In the Montréal Concours, Three Young Violinists Give a Glimpse of the Future

CanadaCanada Bartók, Sibelius, Shostakovich: Elli Choi (violin), Christine Lim (violin), Hao Zhou (violin), Orchestre Symphonique de Montréal / Alexander Shelley (conductor). Maison Symphonique, Montréal, 4.6.2019. (LV)

Christine Lim (c) Tam Lan Truong

BartókViolin Concerto No.2 Sz.112
Sibelius –  Violin Concerto Op.47
Shostakovich – Violin Concerto No.1 Op.77

In the first round of the violin finals of the 2019 Concours Musical International de Montréal (CMIM), three brilliant young violinists took on three fearsome concertos. From the United States, Elli Choi (17 years old) played Bartók’s second, and Hao Zhou (22) did the Shostakovich first. And from the US and South Korea, Christine Lim (24) offered Sibelius. Though all three played brilliantly, one was special.

Lim came on stage like a wraith, in a black sheath with white slippers, and a runway model’s remote focus. If it was an exhilarating experience to finally stand in front of the orchestra after so many grueling rounds, she didn’t show it. She started slowly, with a rich variety of color and an impressively wide dynamic range, letting the music tug her along without complaint. When the tuttis broke in she could always be heard. She mastered the art of finishing big phrases ahead of orchestral explosions early and then settling into the beat.

Deep into the music, she was often motionless except for her playing; she was spontaneous, often intensely so — like a Kopatchinskaja without the Moldovan violinist’s choreography or unpredictability. In the slow movement Lim played the little five-note sequences like they were a code, with spider-like intricacy. She knows how to work with silence, and her harmonics were sublime. The last movement seemed to catch her by surprise, but under Alexander Shelley’s watchful eye, she finished like a champion.

After intermission, Hao Zhou took on the Shostakovich with the dedication of a servant and nonstop technique. He heard the vibes from the great bassoon solo after the first movement’s ominous opening and maintained a sense of pace and soul throughout. At every challenge he reminded us of what amazing things can be done with a fiddle. Amidst the orchestra’s marvelous explosions, Zhou put his head down and worked hard without totally taking control of his part of the narrative, until—in the huge and hellish third-movement cadenza — he finally unleashed his inner wild self. He continued with more of the same, and after the final mad dash the audience went crazy.

The evening began with the youngest contestant, Elli Choi, in another murderous challenge, Bartók’s second — lush, beautiful, but not incisive. She smoothed out the opening rhythms and gave it a gentler cast, but didn’t always project through the dense and colorful orchestra parts. Against the harp, she was lyrical when she needed to soar. But in the slow movement, she let herself be seduced by the magic and produced a deeply moving, almost inaudible pianissimo against the strings.

The quality of the three budding virtuosos was matched by that of the Orchestra Symphonique de Montréal, in the home that was built for them. The horn work was superb, the marvelous timpani were also incredibly sensitive, the bassoons were magnificent in all their key passages, and the strings all the way up and down the line were with the soloists on every note.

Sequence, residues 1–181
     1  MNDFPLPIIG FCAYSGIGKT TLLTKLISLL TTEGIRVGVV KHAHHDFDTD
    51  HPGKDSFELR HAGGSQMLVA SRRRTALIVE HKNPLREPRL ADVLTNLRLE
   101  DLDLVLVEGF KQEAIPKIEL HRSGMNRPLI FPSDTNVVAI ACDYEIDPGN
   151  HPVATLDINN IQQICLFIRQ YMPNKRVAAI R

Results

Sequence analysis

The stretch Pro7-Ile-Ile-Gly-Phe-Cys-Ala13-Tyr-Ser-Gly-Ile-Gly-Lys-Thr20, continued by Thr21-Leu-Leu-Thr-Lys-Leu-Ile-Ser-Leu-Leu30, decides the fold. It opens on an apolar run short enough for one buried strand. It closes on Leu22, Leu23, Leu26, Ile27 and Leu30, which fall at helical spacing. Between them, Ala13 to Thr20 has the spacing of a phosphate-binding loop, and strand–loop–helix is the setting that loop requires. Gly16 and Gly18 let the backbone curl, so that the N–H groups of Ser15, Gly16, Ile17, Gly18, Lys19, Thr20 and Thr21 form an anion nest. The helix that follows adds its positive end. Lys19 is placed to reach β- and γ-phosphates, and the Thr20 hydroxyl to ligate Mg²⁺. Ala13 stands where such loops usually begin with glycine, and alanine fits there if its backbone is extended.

On the podium, Shelley was unobtrusive and efficient, and immediately got the ensemble back on track during the very few times the soloist and orchestra got separated. No list of the players was available; it looked like there were at least a few substitute musicians, but in any case, they were fantastic. It will be interesting to see who is chosen to lead them when Kent Nagano leaves after next season.

One other thing about the orchestra. It’s got to be backbreaking for them to give everything to every kid. But even when the soloists were flagging at the end, the musicians had their backs.

The Concours has not been without controversy. A local critic complained about the upper end of the age range (contestants must be born between 1990 and 2003), and about the level of experience allowed by CMIM. The writer pointed out that 29-year old Johanna Pichlmair has been in the first violin section of the Bavarian Radio Symphony Orchestra since 2017. For some reason, the article was published the day before Pichlmair was scheduled to play. Perhaps she doesn’t read French.

I asked Kenneth Goldsmith, Professor of Violin at Rice University’s Shepherd School of Music, for his perspective.

‘If she meets all of the criteria as listed, then she is OK. Perhaps many of the contestants have played with major/minor professional orchestras, but have not listed them on their entrance resumes!

‘I think that the age limit should be 25, considering the brilliance of most young players. So many have already started major careers at a young age. I have had high school students who have won the Houston Symphony Competition [for high school players] while only 17 years old — Nurit Pacht in Tchaikovsky, Fia Mancini in Brahms, and Julia Li in Prokofiev — and all three had careers before they were 25. Nurit was playing on tour in Europe while still at Colburn. Mancini was first violin of the Vega Quartet at 24. Julia Li won a position in the first violin section of the Philly Orchestra when she was 24! Goldsmith added, ‘And regardless of age, a chamber music component should be a requirement for all competitions.’

Laurence Vittes

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